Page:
Japan’s autumn season is a magical time when nature paints its landscapes with vibrant hues of red, orange, and yellow. The country becomes a haven for nature lovers and photography enthusiasts alike as they embark on a journey to witness the autumn foliage. From ancient temples and serene gardens to picturesque mountainsides, Japan offers an array of stunning locations to experience this natural spectacle.

While foliage can be viewed almost anywhere in Japan, some of the best places include: 

Tokyo: If you want to see fall foliage but can’t travel far from Tokyo, you’re in luck. You can find foliage spots right in Tokyo and in other areas of Tokyo Prefecture. The best location in the city is Meiji Jingu Gaienmae. The ginkgo tree-lined road runs from the park entrance on Aoyama-dori to the Meiji Jingu Gaien to create a tunnel of beautiful golden trees and a carpet of ginkgo to crunch under your feet.

You can also visit Rikugien Garden for great views of gold and red trees surrounding the pond and central island. Located just a short train ride away is Mt. Takao. You can hike to the top or take the chair lift or cable car. The view from the top gives you a distant view of Tokyo and a great vantage point for lush fall foliage.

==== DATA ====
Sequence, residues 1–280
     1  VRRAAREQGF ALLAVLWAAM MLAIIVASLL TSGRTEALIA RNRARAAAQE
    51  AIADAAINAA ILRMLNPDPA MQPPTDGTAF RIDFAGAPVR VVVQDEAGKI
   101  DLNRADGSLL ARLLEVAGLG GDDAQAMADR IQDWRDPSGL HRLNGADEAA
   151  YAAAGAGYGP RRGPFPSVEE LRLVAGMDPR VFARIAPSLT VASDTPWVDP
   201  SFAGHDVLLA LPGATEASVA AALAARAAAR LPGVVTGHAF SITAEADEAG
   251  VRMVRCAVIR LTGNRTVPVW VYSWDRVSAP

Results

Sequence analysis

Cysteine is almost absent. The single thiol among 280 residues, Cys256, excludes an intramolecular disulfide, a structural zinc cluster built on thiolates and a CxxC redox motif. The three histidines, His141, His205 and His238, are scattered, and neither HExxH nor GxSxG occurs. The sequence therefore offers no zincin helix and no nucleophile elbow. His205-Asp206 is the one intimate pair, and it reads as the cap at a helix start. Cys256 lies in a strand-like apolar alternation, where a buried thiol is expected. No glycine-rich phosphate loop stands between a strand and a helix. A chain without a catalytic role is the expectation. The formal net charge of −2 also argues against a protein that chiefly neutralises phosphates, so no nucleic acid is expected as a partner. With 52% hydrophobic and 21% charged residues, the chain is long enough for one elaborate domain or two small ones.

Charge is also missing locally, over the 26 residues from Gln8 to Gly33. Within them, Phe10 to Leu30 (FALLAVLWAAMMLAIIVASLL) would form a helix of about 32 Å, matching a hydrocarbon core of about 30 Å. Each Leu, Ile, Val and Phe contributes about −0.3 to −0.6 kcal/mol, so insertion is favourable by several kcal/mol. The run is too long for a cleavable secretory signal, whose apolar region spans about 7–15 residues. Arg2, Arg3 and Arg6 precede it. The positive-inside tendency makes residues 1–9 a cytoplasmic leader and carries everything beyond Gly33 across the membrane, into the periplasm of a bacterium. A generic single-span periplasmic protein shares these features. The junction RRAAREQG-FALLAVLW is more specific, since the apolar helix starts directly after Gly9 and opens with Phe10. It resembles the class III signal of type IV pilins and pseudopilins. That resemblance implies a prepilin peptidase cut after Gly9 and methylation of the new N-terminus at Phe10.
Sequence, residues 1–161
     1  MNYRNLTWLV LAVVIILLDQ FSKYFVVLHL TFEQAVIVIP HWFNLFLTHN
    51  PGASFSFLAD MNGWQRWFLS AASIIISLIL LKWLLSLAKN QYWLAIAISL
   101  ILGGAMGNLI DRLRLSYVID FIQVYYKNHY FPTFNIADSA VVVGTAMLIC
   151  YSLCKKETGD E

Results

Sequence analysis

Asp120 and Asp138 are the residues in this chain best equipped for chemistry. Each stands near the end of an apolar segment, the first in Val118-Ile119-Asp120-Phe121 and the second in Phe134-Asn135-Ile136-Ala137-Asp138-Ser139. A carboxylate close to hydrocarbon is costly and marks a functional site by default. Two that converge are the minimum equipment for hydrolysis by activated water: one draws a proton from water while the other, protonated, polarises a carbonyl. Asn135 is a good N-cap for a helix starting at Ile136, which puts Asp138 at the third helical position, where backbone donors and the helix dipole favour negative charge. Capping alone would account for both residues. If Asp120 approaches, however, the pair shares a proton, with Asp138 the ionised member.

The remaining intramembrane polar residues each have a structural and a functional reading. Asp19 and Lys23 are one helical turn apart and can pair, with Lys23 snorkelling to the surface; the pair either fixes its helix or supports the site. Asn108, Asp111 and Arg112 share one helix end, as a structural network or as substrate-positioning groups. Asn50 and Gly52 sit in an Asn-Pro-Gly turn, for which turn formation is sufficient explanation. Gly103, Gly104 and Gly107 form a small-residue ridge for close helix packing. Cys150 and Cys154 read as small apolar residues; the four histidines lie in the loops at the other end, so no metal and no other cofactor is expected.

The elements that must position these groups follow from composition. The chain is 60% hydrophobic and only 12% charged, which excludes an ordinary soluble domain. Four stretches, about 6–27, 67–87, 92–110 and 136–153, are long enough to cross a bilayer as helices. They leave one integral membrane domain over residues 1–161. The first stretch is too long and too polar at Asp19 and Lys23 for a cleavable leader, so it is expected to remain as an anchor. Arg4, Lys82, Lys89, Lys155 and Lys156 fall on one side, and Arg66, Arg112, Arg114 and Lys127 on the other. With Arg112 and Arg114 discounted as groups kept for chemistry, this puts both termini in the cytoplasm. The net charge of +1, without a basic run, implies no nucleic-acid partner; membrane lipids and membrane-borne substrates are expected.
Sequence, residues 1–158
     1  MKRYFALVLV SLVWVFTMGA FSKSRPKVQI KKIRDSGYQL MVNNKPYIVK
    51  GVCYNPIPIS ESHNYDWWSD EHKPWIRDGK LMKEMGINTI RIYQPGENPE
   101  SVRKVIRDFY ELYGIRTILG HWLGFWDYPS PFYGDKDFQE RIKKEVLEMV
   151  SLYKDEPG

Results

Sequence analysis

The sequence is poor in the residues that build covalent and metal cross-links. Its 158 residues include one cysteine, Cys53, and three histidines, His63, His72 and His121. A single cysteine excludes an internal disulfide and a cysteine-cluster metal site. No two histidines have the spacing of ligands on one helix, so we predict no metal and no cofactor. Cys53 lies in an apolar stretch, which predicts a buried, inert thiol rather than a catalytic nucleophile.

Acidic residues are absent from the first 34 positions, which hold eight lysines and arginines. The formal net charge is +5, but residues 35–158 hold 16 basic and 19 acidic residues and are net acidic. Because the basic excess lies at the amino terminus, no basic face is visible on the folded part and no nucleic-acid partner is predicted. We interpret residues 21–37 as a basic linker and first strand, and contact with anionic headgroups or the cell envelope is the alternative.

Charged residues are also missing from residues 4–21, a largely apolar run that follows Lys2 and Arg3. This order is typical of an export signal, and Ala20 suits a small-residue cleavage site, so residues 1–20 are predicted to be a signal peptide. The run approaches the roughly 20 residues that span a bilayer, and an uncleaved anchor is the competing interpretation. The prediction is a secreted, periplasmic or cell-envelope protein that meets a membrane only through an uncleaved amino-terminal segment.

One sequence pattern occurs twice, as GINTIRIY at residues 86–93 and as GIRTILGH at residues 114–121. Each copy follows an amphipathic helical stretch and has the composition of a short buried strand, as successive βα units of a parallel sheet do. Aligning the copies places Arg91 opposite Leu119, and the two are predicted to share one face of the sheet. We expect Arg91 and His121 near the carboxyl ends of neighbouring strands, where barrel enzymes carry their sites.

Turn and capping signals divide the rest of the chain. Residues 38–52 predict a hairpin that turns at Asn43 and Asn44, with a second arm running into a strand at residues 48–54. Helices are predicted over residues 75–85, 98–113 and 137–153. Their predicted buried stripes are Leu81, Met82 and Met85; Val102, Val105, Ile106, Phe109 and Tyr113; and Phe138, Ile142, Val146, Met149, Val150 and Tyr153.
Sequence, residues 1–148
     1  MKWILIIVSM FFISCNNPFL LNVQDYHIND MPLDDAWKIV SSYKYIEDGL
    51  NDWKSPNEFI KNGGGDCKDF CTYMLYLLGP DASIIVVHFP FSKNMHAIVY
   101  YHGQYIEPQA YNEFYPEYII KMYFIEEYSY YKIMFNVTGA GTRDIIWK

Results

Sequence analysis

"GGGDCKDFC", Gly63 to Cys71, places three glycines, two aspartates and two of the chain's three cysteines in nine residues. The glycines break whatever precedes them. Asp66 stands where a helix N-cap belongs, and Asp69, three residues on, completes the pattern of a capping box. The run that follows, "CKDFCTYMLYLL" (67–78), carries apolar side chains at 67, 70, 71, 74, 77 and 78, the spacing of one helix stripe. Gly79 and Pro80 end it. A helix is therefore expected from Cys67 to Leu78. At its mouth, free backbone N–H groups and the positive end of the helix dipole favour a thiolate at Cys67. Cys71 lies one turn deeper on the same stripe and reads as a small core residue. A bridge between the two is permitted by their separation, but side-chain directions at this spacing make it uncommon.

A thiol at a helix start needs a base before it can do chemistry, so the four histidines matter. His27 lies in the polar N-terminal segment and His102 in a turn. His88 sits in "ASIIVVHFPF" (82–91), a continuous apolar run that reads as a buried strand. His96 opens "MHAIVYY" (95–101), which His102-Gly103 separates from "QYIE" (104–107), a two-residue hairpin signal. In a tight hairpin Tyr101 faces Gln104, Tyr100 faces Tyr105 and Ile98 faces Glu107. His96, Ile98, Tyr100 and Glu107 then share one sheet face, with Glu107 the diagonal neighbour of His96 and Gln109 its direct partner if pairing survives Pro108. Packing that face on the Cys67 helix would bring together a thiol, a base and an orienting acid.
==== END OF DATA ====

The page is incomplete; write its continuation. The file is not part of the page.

Check out these tours of Tokyo.

Kyoto: A Serene Paradise Kyoto, renowned for its rich cultural heritage, transforms into an enchanting paradise during the autumn months. The city’s countless shrines and temples are surrounded by captivating maple trees that create a tapestry of colors against their historic architecture.

Don’t miss iconic spots like Kiyomizu-dera Temple, Arashiyama Bamboo Forest, Tofukuji Temple, or the famous Golden Pavilion Kinkaku-ji for unforgettable views of Kyoto’s autumn foliage. 

Check out these tours of Kyoto to help maximize your time in Kyoto.

Nikko: A World Heritage Site Located just a few hours from Tokyo, Nikko National Park is a UNESCO World Heritage Site renowned for its stunning natural beauty year-round. During fall, it showcases breathtaking vistas with Japanese maple trees adorning the area around Toshogu Shrine, Lake Chuzenji, and Senjogahara Marshland.

Check out these tours around Nikko.

Hokkaido: Nature’s Wonderland Hokkaido in northern Japan offers an entirely different perspective on autumn foliage due to its cooler climate compared to other regions in the country. One popular destination known for its splendid fall foliage is Daisetsuzan National Park.